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Background Check? Seek Counsel To Know What You Are Getting Into

background_check The confusion over background checks that misguided employers, hiring managers, human resources partners, may be requiring, of job candidates continues to get deeper. Laws exist regarding what information can be used in making hiring decisions.

Recent discussions around the Fair Credit Reporting Act (FCRA) have pushed this to the forefront for recruiting firms, employers and human resources professionals.

NOTE: This blog is not legal advice, just bits of history, words of wisdom, and questions to ask yourself before you enter this quagmire. As in everything legal, DO GET QUALIFIED COUNSEL. This is one of those cases.

Recently, I read an article (Background check forms face increased scrutiny in federal court.) published on Feb 12 of this year by Todd H. Lebowitz. This is a good read, on the www.lexology.com website. In summary:

  1. Review disclosure and consent forms. Whether contracts, agreements, or forms, it is critical you have them.
  2. Look carefully at the language around waivers.
  3. Timing is everything – make yours a policy.

What seems like a good idea, may get you in hot water later. Know the law and execute your actions with precision and documentation.

The best advice: Avoid doing background checks for most jobs. Do performance-based interviewing and hiring.

Seriously, if you are hiring a janitor, engineer, most management, and even some executive leadership, doing a background check is not helpful. You need a candidate that can perform the work. That’s the value of performance-based interviewing and hiring.

When companies use background checks as a hurdle for all employees, they sometimes think that they are ensuring no discrimination by running every new hire through the same process. They may be doing just the opposite.

There are jobs that Background Checks are necessary. For example, hiring teachers to work with small children. Hiring individuals to handling financial instruments.

If you do background checks, there are some common sense questions to ask – there are other questions to ask – these are only a few.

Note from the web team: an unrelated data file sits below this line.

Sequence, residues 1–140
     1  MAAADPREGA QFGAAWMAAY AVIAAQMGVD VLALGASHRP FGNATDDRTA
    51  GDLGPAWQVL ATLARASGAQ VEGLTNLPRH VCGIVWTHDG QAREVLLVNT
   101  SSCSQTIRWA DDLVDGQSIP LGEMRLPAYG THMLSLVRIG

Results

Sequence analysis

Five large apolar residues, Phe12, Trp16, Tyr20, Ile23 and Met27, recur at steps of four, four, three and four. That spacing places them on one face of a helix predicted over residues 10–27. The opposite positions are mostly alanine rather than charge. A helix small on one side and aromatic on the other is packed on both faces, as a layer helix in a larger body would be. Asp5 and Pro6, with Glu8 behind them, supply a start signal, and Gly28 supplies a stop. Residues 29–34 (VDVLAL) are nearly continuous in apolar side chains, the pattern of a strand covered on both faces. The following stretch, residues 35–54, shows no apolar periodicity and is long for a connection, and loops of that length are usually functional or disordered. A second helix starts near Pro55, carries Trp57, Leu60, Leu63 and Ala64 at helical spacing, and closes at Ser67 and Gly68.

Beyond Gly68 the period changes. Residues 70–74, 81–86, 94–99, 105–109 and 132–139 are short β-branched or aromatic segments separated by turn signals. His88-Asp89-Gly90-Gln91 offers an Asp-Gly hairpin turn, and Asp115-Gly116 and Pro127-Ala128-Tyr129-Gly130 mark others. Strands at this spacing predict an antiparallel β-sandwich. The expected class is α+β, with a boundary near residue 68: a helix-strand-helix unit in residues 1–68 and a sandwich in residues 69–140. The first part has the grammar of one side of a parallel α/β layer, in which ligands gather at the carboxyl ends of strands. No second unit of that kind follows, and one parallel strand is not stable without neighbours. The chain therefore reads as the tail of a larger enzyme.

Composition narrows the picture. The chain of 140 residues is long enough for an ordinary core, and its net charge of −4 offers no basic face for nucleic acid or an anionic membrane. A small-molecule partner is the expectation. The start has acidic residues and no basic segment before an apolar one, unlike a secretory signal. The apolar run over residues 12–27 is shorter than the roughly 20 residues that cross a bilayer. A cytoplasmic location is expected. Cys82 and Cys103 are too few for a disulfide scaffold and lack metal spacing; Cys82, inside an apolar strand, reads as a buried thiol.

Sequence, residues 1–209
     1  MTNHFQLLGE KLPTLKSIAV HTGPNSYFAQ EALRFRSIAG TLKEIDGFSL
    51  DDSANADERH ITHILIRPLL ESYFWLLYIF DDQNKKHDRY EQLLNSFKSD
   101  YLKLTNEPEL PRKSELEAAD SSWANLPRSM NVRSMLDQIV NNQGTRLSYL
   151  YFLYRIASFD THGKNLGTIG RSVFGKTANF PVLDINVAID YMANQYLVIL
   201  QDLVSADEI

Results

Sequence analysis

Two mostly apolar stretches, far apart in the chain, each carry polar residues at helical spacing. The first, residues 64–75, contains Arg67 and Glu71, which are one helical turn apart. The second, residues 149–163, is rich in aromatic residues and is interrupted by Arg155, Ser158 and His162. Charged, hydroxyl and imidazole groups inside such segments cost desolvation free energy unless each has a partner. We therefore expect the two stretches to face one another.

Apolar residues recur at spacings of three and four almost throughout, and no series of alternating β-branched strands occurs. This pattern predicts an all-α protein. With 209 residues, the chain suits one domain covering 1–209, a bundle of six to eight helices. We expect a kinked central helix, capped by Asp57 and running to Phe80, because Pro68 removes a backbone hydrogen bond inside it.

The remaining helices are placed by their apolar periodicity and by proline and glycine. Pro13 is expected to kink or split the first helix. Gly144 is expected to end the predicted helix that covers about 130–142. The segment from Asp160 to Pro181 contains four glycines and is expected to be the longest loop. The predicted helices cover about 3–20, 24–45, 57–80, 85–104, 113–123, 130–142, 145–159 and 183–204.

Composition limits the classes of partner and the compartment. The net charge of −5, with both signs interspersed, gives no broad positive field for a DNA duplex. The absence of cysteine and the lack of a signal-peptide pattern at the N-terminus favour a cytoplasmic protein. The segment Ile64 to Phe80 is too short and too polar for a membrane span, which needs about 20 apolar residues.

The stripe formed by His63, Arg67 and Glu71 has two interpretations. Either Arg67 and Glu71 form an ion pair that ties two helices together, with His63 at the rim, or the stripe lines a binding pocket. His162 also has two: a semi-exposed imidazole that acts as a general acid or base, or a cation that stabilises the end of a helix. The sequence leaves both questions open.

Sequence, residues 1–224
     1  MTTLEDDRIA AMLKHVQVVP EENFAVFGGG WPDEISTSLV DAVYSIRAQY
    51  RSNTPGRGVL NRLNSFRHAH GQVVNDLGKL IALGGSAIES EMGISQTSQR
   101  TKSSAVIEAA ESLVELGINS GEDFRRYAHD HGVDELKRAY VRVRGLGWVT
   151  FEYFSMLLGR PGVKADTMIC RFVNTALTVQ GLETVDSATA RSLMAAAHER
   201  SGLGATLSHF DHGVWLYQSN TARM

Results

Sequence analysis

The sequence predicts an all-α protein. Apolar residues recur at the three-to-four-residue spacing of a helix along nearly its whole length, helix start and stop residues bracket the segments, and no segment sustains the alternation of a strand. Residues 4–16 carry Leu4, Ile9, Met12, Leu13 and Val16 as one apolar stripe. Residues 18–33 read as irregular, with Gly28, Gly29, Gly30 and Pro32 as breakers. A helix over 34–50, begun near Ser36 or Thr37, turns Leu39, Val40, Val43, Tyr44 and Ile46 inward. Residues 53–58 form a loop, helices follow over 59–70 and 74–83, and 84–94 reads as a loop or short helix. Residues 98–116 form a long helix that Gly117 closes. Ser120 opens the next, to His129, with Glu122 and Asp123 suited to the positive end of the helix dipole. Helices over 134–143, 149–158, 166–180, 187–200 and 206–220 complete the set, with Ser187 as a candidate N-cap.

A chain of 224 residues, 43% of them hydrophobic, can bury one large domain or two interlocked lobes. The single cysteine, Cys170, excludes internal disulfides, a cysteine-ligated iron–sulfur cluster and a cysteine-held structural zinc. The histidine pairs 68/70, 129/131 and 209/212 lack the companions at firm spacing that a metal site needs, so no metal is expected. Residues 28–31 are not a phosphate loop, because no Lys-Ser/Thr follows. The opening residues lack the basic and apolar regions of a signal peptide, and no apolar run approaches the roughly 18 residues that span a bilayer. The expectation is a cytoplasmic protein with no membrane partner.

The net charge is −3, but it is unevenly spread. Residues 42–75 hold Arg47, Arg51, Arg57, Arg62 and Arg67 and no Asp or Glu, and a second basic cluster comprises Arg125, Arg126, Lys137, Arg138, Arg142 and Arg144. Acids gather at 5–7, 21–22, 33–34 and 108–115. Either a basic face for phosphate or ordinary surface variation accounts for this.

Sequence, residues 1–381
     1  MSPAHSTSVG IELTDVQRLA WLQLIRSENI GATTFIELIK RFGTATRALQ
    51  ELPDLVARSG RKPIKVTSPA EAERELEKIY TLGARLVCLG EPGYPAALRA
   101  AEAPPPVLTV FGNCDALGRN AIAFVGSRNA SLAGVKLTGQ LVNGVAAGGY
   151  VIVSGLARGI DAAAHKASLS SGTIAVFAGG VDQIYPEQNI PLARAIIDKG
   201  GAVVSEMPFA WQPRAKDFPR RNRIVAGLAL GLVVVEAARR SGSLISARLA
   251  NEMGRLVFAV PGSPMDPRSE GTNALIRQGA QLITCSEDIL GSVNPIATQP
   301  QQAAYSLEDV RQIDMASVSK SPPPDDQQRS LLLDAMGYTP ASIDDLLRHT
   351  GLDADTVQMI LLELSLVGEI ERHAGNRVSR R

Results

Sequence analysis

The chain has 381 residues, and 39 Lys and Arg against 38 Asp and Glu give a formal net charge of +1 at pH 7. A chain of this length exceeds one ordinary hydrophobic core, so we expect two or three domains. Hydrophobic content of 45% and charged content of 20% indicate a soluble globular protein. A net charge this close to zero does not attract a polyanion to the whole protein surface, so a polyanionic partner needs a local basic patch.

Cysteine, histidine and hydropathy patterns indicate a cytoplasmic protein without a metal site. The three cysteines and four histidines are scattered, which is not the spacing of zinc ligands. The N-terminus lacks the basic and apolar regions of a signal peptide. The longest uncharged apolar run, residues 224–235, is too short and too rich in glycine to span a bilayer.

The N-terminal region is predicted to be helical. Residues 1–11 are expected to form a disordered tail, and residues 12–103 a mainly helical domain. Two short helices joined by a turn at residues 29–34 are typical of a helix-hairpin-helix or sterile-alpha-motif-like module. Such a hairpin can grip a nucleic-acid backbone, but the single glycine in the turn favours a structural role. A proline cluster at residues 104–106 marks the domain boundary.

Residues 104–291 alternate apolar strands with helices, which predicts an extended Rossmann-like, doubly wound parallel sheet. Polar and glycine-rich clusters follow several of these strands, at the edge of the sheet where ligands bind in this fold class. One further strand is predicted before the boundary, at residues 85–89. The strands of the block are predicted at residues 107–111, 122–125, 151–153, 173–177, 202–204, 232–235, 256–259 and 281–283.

1. Ask if it’s necessary and legal for the position, if not, don’t do it.
  2. Ask if your company can take on the risk of this new level of liability.
  3. Ask if you are prepared to ask applicants / candidates to give up certain rights.

The standard consent and disclosure forms are clear in transferring liability to the employer (if you don’t know this – get qualified counsel – I am not giving you legal advice). Bottom line, when you ask a candidate to sign away rights, you are eroding the employer-to-employee trust before you hire them. This is a bad way to start, and a bad reputation to have associated with your company’s brand in the marketplace.

Barton Professional Placement advises clients against performing background checks except in rare cases. We articulate the value and process of performance-based interviewing and hiring, and direct employers to the ultimate goal of building the best organization is greater than piling on risk and liability unnecessarily. We always direct them to their corporate counsel.

What about timing. Be sure it’s the last step you do, but it precedes hiring. Don’t hire, then on-board an employee, only to receive the background check information after they start. You can do very little based on the new information – you already hired the employee!

If I’ve given you pause to ask questions, that’s my intent. There’s a lot of good guidance out there that can teach you enough to ask the right questions of your own corporate counsel. Another reference employers in Illinois might find valuable is from Bloomberg Law Reports by Steinmeyer and Trapp, titled: Beware of the Newly Enacted Illinois Employee Credit Privacy Act.

As a final note of question for caution, if you are a senior executive, be sure you know what your hiring managers and your human resources people are doing in the hiring process. It is common to see processes being added to hiring under good intention, but without always considering the implications. If you don’t know if your process does background checks, be sure you know it does not. You may be bringing on unchecked liability to your firm.

Barton Professional Placement has developed an information brief on this topic. We share our whitepaper with our prospective clients interested in this topic. Call Barton Professional Placement Group today to set up an appointment or to learn more about how we can help you achieve your organizational development goals.